But you don’t really see much of the wolves until later in the film, not even in their untransformed human forms. Here, the stars of the show are a group of Scottish soldiers on what they think is a routine training operation. Kevin McKidd and Sean Pertwee both play soldiers fighting against the wolves, and what sucked me into this movie is Pertwee’s gruff sergeant character telling the story of a deceased friend’s tattoo. This has nothing to do with the wolves, but it’s just so creepy that it helps set the tone for the rest of the film. It also make Pertwee one of the easiest to identify with, second only to McKidd’s character. But McKidd cheated because he refuses to shoot a dog right at the start of the movie. That would instantly win cool point with me, even if I can recognize it as a cheap trick. Pertwee gets me liking him while he’s telling a scary story that has nothing at all to do with the movie. That’s talent.

Both films share the technique of flashing the camera around their monsters, which I think helps strengthen the fear factor. Visually, everything happens so fast that you don’t have a chance to process it all. Your brain even adds scarier details that may not have been there because the blurriness is something our mind doesn’t like. So we need to add detail to fill in the blurs. And what we see in our heads is most likely scarier than what was really on screen.

The movies chose to look at the wolf from slightly different perspectives. Dog Soldiers looks at the victims of a wolf pack, and while the soldiers are brash, there was not a one among them besides the evil commander who I was hoping would get eaten. With every other soldier, I was in classic horror movie viewer mode, yelling out, “No, dude! Run!” at all the times when obviously, someone failed to run fast enough.

American Werewolf in London looks at the monster itself and finds that some are victims of the curse rather than gleeful agents of evil. The transformation strips away David’s humanity in a painful way, and he cannot control his urges to change. In the aftermath of every attack, David is left with visions he doesn’t understand, and he is haunted by people claiming that he killed them. He’s struggling with his sanity, and so even if he is the monster eating people, when the police shoot him, I feel just as upset as Nurse Price with his fate. In fact, the ending upsets me so much that years later, I developed a kind of denial that it wasn’t “fair” because no one had used silver bullets.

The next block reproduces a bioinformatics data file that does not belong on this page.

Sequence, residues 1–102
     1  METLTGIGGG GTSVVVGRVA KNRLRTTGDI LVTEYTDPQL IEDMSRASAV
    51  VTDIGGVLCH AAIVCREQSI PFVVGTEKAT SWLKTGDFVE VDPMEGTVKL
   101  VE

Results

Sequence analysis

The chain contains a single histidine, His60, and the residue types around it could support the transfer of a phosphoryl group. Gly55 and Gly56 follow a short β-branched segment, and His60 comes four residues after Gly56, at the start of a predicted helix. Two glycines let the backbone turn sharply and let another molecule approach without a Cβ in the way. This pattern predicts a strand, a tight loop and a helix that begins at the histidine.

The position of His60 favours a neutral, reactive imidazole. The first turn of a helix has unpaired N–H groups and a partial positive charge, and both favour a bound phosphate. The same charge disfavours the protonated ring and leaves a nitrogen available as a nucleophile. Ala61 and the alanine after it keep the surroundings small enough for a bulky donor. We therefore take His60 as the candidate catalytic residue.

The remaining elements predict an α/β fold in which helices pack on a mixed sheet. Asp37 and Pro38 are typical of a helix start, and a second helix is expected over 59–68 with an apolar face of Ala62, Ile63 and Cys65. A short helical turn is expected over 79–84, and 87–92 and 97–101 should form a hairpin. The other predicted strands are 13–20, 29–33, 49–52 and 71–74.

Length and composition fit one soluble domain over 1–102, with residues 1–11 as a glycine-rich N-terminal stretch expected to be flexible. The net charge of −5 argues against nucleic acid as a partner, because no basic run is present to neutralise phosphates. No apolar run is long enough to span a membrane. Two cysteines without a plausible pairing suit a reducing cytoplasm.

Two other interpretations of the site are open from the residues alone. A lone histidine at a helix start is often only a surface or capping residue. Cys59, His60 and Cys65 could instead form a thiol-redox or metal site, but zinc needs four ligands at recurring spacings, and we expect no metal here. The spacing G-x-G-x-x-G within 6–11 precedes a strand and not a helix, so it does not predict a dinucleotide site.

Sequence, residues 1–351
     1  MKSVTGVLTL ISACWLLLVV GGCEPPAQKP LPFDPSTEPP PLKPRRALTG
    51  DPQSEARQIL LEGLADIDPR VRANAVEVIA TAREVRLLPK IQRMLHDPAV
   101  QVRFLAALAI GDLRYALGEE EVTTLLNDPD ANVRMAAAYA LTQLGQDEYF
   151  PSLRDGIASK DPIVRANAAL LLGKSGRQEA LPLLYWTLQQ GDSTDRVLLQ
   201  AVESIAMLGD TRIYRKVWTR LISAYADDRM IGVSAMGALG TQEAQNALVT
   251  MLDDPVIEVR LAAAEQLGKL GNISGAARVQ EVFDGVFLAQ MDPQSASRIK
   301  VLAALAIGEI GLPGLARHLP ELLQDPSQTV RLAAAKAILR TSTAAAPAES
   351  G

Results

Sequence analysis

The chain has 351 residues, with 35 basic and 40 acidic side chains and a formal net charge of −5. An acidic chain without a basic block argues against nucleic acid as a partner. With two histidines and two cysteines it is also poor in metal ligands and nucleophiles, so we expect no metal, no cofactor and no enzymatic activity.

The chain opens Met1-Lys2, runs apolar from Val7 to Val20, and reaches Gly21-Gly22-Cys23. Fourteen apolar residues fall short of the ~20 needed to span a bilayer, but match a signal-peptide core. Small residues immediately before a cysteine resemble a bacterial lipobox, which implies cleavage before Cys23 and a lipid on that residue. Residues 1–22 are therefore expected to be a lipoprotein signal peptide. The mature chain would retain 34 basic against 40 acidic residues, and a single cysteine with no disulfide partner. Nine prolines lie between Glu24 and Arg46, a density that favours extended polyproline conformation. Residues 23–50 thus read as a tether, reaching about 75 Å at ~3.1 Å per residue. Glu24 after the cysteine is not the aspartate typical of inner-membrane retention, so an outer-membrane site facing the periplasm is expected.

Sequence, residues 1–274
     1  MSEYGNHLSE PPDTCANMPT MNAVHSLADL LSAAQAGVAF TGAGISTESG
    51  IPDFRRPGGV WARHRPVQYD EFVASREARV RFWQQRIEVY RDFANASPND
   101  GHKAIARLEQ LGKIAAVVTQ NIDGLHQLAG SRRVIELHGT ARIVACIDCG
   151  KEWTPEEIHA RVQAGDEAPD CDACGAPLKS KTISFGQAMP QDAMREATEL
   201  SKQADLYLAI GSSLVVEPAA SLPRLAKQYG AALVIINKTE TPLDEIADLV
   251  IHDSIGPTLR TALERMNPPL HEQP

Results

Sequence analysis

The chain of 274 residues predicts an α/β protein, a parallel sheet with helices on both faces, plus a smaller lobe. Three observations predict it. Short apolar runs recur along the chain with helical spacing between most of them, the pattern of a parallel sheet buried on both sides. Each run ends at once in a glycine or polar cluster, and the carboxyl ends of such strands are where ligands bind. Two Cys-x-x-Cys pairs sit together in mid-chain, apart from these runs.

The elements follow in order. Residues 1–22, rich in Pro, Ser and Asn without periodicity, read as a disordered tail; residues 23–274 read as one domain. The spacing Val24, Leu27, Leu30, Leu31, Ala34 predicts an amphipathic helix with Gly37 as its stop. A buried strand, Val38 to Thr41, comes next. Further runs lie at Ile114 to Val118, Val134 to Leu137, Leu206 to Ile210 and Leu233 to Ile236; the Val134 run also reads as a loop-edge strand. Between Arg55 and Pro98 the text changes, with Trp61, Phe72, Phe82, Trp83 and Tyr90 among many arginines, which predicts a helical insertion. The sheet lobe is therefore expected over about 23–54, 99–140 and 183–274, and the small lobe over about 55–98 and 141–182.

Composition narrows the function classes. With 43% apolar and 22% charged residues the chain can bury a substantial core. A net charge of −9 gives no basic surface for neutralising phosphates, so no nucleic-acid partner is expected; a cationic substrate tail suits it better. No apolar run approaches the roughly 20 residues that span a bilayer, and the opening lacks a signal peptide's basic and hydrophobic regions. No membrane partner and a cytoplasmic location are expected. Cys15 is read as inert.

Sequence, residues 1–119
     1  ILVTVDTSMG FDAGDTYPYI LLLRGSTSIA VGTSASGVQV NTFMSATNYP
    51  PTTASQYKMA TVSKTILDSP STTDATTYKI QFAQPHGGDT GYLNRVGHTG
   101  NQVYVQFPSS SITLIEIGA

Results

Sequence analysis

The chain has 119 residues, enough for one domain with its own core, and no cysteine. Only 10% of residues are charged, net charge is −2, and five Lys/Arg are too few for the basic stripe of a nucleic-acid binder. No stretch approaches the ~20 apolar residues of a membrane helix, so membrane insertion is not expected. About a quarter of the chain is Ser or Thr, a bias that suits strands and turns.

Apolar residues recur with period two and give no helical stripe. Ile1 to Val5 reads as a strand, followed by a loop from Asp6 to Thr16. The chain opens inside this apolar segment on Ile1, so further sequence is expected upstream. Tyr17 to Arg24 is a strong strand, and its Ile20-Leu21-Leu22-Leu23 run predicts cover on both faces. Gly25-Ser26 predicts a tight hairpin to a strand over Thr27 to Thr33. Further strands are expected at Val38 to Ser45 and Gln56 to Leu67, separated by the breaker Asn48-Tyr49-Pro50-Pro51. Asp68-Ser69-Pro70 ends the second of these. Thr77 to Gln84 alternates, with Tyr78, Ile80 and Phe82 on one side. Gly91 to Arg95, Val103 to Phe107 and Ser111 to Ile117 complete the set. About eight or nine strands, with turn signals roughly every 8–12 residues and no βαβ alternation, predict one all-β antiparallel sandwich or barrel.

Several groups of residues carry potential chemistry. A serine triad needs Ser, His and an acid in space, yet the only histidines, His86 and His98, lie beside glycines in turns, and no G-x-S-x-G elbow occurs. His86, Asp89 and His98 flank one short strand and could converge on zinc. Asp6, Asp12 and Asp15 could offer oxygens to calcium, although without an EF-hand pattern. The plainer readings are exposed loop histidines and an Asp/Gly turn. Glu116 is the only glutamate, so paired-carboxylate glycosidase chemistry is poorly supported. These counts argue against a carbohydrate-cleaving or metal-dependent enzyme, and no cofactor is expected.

Which I think is why I like werewolves so much as a story vehicle, because there’s the possibility to look at the monster and see their struggle against their inner animal just as much as there is to find a story with their victims. Which lends the mythos a more tragic aspect because you know how most werewolf movies will end. But a film like Dog Soldiers is no less entertaining for looking at the victims, even if they’re also meeting a similar grisly fate. It’s still tragic, and both films share similar themes. But writers are able to make either point of view sympathetic with the right tweaks.

Of course, both films share a sarcastic sense of humor, and I think that helps sell the horror better, and it makes the characters easier to like, even when they’re doing things I should feel uncomfortable with. Both films juggle dark humor and scares well, and both employ similar filming techniques with their monsters to keep me perched in my seat. Which is why both films are high on my list of films to check out for Halloween.


  1. Two of my favorite movies. Am. WW in London is just a classic and Dog Soldiers is a great take on a werewolf story.

  2. Great werewolf movies, both of which I enjoy watching. My favorite "werewolf" movie is Wolfen.